First Public Larrabee Demo

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Intel demoed Larrabee for the first time to the public at the IDF (Intel Developer Forum), according to PC Pro.

The attached screenshot is a bit underwhelming but maybe we’ll see some impressive examples soon. In any case, if the demo is at the IDF now, the public release couldn’t be far off.

Edit (2010)

In case you haven’t heard — it seems like Larrabee was cancelled for good.

DirectX Developer Blog

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Apparently, the DirectX team has had a blog since late April of this year it’s just not very popular I guess.

They’ve posted a shipload of information over the last couple of months, so if you’re like me and had no idea this existed, you’ll have quite some reading to catch up to. It’s mostly about Windows 7 and the new graphics APIs (Direct2D, DirectWrite, etc.) but it’s interesting nonetheless.

August 2009 DirectX SDK

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Today the August 2009 DirectX SDK was released on MSDN, strangely enough the August SDK was released in September.

This release contains the first official release of Direct3D 11 (RTM), which was previously only a technical preview. According to the release notes, this version of Direct3D 11 will only work on the RTM version of Windows 7, not on the RC and Beta versions. So I guess only vendors and MSDN subscribers will be able to develop software until Windows 7 hits the retail market.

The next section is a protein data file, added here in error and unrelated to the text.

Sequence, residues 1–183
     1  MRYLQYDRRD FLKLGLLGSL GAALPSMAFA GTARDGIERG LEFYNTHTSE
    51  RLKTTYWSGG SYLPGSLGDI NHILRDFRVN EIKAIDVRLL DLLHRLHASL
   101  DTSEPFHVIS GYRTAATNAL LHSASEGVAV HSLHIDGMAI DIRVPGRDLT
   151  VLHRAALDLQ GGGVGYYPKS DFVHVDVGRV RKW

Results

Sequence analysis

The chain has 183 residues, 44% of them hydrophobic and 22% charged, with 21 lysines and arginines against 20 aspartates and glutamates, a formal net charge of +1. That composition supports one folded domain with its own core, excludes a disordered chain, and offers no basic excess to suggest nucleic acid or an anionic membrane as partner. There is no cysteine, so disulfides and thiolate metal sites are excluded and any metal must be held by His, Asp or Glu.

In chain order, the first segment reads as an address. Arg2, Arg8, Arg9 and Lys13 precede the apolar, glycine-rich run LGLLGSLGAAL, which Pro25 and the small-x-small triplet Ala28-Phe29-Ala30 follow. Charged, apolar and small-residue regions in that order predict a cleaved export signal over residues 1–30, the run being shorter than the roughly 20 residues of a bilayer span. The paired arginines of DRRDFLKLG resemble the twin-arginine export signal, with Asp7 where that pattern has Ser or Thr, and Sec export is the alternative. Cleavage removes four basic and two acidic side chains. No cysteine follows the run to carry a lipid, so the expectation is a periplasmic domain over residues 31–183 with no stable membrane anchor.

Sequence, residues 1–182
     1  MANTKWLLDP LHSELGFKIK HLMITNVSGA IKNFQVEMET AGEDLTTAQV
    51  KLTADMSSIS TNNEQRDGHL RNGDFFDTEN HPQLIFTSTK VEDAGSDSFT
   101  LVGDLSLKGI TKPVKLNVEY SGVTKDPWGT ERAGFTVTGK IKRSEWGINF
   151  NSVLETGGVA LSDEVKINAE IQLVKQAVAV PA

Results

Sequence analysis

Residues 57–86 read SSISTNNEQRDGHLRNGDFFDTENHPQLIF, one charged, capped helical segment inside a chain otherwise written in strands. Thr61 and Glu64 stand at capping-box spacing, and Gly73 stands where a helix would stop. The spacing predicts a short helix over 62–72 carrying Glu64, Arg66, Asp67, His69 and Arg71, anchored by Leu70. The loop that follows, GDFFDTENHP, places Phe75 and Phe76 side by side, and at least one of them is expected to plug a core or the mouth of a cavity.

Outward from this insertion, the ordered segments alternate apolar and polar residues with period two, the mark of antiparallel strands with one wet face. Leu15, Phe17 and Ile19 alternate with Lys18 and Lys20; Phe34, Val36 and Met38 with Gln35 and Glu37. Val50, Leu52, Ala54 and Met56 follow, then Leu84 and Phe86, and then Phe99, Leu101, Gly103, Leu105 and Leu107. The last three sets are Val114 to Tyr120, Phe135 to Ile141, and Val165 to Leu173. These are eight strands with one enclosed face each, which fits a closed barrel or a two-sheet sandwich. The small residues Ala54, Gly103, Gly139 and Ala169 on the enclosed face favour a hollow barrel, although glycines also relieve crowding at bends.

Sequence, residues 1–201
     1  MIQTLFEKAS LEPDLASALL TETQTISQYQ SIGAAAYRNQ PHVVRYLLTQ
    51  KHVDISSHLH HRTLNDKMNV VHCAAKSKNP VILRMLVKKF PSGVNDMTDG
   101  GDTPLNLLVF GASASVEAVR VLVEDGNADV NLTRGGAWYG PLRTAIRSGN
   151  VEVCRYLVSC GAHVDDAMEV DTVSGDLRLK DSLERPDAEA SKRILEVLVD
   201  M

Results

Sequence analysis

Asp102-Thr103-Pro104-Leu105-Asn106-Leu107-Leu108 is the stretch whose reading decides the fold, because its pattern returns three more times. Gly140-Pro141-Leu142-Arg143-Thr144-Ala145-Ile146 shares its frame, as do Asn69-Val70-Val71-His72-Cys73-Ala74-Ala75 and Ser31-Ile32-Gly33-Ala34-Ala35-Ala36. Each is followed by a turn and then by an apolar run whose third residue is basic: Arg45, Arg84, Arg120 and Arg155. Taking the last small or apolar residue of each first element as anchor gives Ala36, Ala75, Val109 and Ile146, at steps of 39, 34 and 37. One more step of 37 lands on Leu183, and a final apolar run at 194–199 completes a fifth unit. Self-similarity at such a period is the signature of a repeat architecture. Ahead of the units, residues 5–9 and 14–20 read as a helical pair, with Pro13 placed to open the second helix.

There’s also the issue of pure Direct3D 11 hardware not being sold yet but that should be right around the corner if the SDK is here.

Hungarian Notation: What to do?

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Edit: FYI, by Hungarian notation, I mean Systems Hungarian such as bIsSucky.

It seems I’m in some kind of pickle. For some reason, two of the programmers at the company I work for still use Hungarian notation.

In case you don’t know what that is, in short: Hungarian notation prefixes an abbreviation of either the data type or purpose of the variable to its name. For example, Microsoft’s WINAPI still uses it, hence we have things such as hInstance, nShow, szCompany, etc. So it’s quite ugly and confusing to the programmer.

Yet these two programmers still cling to their old ways and refuse to give up on this ancient method. Even in VB.NET. One of these programmers happens to be Joe the Programmer mentioned before, go figure.

I was asked by one of them “Why not use Hungarian notation?” In case you dind’t know, dear reader, the name of the variable should give away the data type, use UpperCamelCase and logic for your naming conventions. Turns out, UpperCamelCase is a programming convention in this company, so why we were arguing, I don’t know. Now if only logic were a convention, we’d be set.

But it was like pissing against the wind as neither them nor I were persuaded in the end. How would you persuade a person to switch to a different methodology? By them using Hungarian notation, people who will eventually take over their source code will want to shoot themselves.